We have to select (*r* – 1) people out of \((n + r - 1)\) because we already have selected \({A_1}\) so we need only *r* –1 more people and since we are not taking \({A_2}\) ,we have \((n + r - 1)\) people to choose from. This can be done \({\,^{n + r - 1}}{C_{r - 1}}\) ways.

**(3)** **The r -group contains ** \({A_1},{A_2}\)

**but not**\({A_3}\)

We now have to select (*r* – 2) people out of \((n + r - 2)\) . This can happen in \({}^{n + r - 2}{C_{r - 2}}\) ways. Proceeding in this way, we arrive at the last two possible cases.

**( r)**

**The**

*r*-group contains \({A_1},\,\,{A_2}...{A_{r - 1}}\) but not \({A_r}\) .We need to select only 1 person out of (*n* + 1) available for selection. This can be done in \({}^{n + 1}{C_1}\) ways.

**( r + 1)**

**The**

*r*-group contains \({A_1},\,\,{A_2}...{A_r}\)In this case, our *r*-group is already complete. We need not select any more person. This can be done in \({}^n{C_0}\) or equivalently 1 way.

Convince yourself that these (*r* + 1) cases cover all the possible cases that can arise in the formation of the * r* - groups. Also, all these cases are mutually exclusive. Thus, adding the number of possibilities of each case will give us the total number of *r*- groups possible, i.e.

\[{}^n{C_0} + {}^{n + 1}{C_1} + {}^{n + 2}{C_2} + ... + {}^{n + r - 1}{C_{r - 1}} + {}^{n + r}{C_r} = {}^{n + r + 1}{C_r}\]

**Example – 19 **

How many distinct throws are possible with a throw of *n* dice which are identical to each other, i.e. indistinguishable among themselves ?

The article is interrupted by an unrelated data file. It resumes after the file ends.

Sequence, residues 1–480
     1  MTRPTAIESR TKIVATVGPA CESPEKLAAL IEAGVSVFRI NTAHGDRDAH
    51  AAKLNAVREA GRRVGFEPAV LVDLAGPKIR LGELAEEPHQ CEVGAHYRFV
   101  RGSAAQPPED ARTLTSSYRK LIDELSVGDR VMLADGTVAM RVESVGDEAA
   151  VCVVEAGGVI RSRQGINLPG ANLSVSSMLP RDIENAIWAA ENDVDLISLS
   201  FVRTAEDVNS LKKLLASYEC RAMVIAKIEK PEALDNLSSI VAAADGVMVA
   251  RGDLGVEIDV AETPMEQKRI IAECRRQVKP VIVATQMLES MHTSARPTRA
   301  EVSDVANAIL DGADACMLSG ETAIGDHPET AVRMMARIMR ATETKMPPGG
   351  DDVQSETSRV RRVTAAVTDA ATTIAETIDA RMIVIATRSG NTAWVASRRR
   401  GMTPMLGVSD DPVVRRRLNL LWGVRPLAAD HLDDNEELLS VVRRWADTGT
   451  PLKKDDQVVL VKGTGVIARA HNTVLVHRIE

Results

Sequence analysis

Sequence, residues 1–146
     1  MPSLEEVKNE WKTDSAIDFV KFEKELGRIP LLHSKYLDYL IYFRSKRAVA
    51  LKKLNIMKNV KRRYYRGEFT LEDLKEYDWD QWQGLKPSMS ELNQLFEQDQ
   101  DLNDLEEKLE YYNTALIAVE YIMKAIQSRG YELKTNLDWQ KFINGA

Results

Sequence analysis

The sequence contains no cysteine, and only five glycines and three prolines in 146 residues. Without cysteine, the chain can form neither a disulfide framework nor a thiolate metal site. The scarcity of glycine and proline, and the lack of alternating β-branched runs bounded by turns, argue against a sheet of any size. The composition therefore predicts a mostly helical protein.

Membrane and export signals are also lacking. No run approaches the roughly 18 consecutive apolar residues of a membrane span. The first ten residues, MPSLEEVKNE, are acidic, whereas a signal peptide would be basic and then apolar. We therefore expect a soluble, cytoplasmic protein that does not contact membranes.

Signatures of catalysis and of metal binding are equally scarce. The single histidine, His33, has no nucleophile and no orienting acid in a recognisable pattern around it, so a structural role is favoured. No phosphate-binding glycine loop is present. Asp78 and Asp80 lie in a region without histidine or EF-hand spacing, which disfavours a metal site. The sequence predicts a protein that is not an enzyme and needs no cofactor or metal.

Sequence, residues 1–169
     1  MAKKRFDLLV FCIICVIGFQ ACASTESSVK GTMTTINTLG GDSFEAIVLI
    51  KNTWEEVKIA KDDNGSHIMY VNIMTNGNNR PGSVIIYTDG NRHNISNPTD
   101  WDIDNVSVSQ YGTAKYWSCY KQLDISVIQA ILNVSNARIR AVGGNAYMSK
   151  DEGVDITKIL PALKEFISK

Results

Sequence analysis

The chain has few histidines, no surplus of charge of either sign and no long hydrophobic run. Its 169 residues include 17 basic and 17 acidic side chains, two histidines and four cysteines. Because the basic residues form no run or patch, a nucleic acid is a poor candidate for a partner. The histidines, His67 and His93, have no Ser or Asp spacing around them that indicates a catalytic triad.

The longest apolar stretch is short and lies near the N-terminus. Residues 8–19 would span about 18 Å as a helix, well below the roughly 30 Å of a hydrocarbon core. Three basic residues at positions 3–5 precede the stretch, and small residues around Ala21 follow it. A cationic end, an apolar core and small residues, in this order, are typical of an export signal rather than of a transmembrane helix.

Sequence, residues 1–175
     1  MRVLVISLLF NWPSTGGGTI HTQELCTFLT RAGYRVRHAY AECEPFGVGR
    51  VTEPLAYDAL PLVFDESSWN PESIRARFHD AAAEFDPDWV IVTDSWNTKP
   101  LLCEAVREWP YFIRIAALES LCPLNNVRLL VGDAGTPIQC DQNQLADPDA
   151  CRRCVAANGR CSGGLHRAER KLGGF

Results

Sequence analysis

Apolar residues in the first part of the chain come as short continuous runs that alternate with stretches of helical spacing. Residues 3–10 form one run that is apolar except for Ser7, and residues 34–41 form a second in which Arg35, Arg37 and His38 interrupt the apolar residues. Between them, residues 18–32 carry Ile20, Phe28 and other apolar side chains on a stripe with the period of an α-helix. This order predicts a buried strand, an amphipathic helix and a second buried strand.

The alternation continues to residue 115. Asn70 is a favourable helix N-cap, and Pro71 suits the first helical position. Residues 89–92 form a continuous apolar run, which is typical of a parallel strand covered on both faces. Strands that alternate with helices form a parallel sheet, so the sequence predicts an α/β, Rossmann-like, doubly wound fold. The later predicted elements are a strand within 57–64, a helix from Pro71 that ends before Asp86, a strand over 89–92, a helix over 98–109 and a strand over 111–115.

**Solution:** The important point to be realised here is that the dice are totally identical. Suppose we had just 2 dice, say die *A* and die *B*. Suppose that, upon throwing these dice, we get a “two” on *A* and a “three” on *B*. This case would be the same as the one where we get a “three” on *A* and a “two” on *B* because we cannot distinguish between *A* and *B*. What we are concerned with is only what numbers show up on the top of the dice. We are not concerned with which die shows what number. This means that if we have *n* dice and we throw them, we are only concerned with how many “ones”, “twos”, “threes” etc show on the top faces of the dice; we are not at all interested in which die throws up what number.

If we denote the number of “ones” we get by \({x_1}\) , number of “twos” we get by \({x_2}\) and so on, we will have

\[{x_1} + {x_2} + ... + {x_6} = n\]

Thus, the total number of distinct throws will be simply the number of non-negative solutions to this integral equation.

As discussed earlier, this number will be \({}^{n + 6 - 1}{C_{6 - 1}} = {}^{n + 5}{C_5}\) .

What would be the number of distinct throws if the *n* dice were not identical?